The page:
Chiddingstone Castle Gardens & Grounds
With breathtaking views of the Greensand Ridge below the North Downs, a stroll in the gardens of Chiddingstone Castle is a delight in all seasons. 35 acres of unspoilt grounds give visitors a choice of wandering along woodland walks; crossing the wooden bridge over the lake that leads to the picturesque Tudor village of Chiddingstone or pausing to admire the Grade II* Victorian Orangery which features an award-winning contemporary glazed roof.
There are formal lawns above the ‘haha’ which surrounds the castle, and large open lawns on which to enjoy a relaxing summertime picnic. The daffodil spectacular on the East Meadow in the spring is not to be missed, along with the cherry tree blossom in the Japanese Earthquake Memorial Orchard.
The gardens are evolving all the time, and visitors are able to enjoy the traditional planting with roses, peonies and lavender. The herbaceous border that runs along the South Wall towards the Orangery is at its best in the summer and early autumn. All the roses in the gardens have been identified and labelled by the castle’s volunteers, and some have been discovered to be important, heritage varieties.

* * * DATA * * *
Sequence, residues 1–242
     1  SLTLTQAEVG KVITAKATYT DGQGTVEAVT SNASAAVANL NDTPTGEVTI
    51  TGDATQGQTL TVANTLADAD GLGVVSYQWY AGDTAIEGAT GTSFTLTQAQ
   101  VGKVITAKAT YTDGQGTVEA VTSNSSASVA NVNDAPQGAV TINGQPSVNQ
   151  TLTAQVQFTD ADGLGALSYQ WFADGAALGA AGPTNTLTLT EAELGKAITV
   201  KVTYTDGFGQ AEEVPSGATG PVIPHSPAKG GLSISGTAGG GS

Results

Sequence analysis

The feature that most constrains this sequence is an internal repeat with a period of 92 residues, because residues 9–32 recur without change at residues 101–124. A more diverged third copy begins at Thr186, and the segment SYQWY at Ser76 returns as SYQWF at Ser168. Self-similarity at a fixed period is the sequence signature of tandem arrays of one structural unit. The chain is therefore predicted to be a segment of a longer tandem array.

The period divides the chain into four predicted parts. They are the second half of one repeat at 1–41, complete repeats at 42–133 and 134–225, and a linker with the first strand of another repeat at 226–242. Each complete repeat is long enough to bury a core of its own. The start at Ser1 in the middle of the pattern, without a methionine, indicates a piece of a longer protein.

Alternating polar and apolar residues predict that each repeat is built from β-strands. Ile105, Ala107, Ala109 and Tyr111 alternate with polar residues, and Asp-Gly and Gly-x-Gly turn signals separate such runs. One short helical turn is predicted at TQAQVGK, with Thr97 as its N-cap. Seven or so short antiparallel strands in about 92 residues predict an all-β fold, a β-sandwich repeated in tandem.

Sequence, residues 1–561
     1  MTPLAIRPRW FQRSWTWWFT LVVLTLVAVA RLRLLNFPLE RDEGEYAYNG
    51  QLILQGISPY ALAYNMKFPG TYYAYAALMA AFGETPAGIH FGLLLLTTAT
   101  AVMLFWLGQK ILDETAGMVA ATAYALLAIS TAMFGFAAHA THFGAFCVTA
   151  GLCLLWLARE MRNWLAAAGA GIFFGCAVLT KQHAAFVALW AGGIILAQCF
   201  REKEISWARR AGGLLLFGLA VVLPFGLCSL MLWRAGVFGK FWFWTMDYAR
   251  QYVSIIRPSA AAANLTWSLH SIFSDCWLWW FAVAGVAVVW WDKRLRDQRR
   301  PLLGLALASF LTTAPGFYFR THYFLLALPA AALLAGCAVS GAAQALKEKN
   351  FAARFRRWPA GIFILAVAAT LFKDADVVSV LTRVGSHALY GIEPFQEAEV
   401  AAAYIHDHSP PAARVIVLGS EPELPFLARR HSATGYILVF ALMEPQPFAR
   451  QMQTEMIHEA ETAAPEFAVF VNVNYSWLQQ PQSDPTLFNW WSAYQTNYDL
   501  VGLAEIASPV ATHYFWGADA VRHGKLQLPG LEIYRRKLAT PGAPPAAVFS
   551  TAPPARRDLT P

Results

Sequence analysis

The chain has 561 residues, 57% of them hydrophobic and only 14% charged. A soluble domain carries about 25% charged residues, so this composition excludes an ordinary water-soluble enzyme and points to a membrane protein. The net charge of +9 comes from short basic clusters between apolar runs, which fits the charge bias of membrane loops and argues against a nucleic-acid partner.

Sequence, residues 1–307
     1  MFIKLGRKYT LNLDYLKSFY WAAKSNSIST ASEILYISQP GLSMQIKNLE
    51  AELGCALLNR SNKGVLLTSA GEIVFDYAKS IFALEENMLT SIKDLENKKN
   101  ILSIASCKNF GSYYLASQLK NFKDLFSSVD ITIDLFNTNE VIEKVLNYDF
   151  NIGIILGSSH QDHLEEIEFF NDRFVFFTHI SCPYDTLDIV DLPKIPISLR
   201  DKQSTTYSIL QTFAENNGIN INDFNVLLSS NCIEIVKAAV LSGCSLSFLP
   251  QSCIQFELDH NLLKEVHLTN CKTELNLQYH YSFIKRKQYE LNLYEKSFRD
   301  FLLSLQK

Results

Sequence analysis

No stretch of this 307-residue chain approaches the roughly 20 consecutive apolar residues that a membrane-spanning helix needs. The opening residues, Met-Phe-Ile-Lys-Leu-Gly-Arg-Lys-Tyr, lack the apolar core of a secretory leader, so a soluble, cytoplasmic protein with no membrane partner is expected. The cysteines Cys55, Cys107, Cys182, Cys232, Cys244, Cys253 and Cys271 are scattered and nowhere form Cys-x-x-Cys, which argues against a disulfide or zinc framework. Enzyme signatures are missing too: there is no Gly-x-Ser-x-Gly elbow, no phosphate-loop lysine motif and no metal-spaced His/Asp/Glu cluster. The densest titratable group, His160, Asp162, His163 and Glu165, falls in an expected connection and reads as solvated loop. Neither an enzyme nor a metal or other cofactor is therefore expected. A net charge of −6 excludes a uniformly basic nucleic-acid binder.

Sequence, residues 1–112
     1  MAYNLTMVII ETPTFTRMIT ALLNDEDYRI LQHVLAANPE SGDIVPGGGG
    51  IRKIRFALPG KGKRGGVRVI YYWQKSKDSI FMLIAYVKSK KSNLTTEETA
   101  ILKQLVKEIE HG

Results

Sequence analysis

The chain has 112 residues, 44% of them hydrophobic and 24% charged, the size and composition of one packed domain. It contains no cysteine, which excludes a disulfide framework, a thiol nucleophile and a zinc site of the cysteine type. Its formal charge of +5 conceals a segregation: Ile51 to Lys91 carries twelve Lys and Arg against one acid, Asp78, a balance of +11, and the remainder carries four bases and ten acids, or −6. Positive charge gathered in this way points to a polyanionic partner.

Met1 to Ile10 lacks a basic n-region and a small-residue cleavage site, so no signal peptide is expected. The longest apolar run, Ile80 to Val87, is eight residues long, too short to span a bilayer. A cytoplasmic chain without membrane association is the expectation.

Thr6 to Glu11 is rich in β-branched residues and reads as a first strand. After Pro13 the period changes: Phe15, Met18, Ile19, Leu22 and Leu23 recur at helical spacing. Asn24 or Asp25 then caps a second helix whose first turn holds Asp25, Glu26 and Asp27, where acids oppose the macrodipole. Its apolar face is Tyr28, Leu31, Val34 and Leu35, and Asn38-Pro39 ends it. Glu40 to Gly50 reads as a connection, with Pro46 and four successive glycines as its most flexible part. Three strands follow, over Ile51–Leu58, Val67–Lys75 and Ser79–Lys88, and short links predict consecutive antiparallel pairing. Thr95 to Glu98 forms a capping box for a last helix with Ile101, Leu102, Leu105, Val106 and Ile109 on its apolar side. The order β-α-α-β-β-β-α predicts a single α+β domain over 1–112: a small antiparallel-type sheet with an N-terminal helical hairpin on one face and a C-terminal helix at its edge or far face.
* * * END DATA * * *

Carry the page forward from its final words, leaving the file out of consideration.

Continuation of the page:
The formal Rose Garden within the central courtyard is particularly fragrant and beautiful (admission to castle ticket holders only).
2014 saw the creation of a new conceptual garden at Chiddingstone Castle - the ‘Fields of Eternity’. Located at the far end of the North Lawn, this Ancient Egyptian-themed area covers an acre and has been designed to enhance the imagination of visitors of all ages, and children in particular - and helps link the landscape of Ancient Egypt to the Castle’s collection of Egyptian antiquities.
Visitors will be able to learn about life and the environment in 2000BC by exploring a grass maze - a carefully prepared treasure trail of paths through grasses have been laid out as if one is walking along the River Nile (flowing south to north, as does the River Nile in Egypt), with its ‘tributaries’ leading to exciting discoveries, such as Tutankhamun’s tomb and a giant sundial.